Contemporary digital museum in theory and practice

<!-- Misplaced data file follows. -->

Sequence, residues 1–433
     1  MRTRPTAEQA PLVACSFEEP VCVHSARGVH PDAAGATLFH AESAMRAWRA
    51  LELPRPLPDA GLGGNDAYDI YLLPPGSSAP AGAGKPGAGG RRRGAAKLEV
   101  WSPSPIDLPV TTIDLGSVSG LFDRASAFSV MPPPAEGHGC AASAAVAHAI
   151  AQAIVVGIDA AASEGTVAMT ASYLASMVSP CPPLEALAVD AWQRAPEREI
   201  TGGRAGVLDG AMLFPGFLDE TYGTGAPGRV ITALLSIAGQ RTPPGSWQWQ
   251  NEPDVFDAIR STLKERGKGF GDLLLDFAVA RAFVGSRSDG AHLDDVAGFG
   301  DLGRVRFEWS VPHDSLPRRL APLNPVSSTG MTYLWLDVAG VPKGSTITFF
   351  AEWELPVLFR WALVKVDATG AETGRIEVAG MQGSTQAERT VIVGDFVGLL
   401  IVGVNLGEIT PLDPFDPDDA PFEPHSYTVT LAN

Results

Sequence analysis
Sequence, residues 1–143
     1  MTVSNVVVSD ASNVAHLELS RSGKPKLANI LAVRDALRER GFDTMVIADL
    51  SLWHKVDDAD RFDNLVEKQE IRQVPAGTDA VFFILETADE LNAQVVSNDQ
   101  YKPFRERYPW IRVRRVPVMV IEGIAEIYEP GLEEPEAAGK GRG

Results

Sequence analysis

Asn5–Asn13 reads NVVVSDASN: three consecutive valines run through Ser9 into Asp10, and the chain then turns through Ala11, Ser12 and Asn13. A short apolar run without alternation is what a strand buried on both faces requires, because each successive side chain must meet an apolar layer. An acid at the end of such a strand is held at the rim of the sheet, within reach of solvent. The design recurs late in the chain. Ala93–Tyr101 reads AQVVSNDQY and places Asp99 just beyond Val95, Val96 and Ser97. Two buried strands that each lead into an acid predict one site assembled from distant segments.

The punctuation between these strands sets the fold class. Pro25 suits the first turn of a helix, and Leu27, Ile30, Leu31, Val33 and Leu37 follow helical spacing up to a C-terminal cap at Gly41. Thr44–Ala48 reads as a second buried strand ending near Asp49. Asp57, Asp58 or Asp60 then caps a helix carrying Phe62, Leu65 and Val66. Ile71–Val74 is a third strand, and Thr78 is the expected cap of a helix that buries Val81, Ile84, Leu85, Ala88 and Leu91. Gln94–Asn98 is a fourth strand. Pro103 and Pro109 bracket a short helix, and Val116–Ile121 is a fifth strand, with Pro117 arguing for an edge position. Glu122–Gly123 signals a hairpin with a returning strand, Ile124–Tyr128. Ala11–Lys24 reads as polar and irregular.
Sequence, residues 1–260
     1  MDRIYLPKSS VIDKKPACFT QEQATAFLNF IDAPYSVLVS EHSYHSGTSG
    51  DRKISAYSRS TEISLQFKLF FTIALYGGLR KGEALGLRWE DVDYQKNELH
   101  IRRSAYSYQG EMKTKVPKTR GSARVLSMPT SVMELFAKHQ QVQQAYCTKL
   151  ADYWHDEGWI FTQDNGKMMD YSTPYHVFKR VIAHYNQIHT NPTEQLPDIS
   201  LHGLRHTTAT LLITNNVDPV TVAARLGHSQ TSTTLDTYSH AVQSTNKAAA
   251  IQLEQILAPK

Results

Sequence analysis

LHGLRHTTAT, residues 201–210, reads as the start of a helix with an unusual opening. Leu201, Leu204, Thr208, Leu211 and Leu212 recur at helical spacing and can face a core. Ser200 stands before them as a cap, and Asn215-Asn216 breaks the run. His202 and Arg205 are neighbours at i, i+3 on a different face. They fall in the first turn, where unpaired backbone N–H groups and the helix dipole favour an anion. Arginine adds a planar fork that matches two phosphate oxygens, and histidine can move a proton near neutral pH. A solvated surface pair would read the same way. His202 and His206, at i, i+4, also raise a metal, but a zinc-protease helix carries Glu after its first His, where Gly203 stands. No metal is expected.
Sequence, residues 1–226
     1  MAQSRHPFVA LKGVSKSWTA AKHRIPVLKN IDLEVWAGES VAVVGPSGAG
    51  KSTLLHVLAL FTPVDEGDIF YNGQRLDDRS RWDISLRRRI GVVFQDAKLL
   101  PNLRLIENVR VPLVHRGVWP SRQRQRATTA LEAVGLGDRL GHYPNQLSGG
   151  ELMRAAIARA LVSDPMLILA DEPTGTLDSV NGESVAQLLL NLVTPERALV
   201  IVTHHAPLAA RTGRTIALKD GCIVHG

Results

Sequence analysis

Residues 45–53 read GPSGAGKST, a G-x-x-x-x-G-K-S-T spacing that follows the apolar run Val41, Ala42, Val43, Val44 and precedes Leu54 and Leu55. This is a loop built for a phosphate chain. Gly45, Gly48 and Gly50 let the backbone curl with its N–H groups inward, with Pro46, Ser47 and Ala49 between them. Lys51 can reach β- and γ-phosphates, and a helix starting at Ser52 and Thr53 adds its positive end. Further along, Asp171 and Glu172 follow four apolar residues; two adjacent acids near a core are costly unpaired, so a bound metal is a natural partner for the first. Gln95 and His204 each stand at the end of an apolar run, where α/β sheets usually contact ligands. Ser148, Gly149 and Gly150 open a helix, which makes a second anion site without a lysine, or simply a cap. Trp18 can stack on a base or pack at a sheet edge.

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This dissertation investigates the interplay between a selected set of museum practices, such as online strategies, digitisation of artwork reproductions, and crowdsourcing, through a theoretically grounded perspective. Existing discourse and debate on the museum's movement from an exclusively physical, to a digital or hybrid presence display an excessive interest in advocacy, usually focusing on small examples of successful practices which are then argued as somehow empowering or resolutive, usually from a 'social justice' point of view. Conversely, in those same discourses little attention is paid to the macro-context within which these cases take place: current debates lack an articulation of how museum practices reflect ongoing trends and paradigms on a culture-wide level, and also eschew non-advocative, neutral discussion of the politics, discourses and power relations that such practice entail. I suggest that the contemporary constructivist, digital museum can be better contextualised if we frame emergent digital museum praxis within a framework that resorts to well-established, and well-described theoretical paradigms that can be observed in other cultural and social contexts as well. The advantage of such an approach is that museum practice, and the museum as an institution, can then be seen in continuity with current macro-trends, rather than as isolates whose usefulness and sustainability begins and ends within the museum's precinct. This dissertation begins this proposed shift in point of view by addressing emergent museum practices such as the drafting of digital strategies; the creation of digital reproductions of artworks for online display; and crowdsourcing in the context of theoretical frameworks such as the utopian imagination; ontology of digital-beings; and contemporary labour practices. While not comprehensive, and exploratory in nature, this dissertation contributes to the discipline by providing a new, more in-depth point of view on 'hot' practices, encouraging a contextualisation of the museum that goes beyond the museum itself, into a theoretical and interdisciplinary field that takes advantage of ideas developed within digital humanities, labour critique, informatics and cultural studies.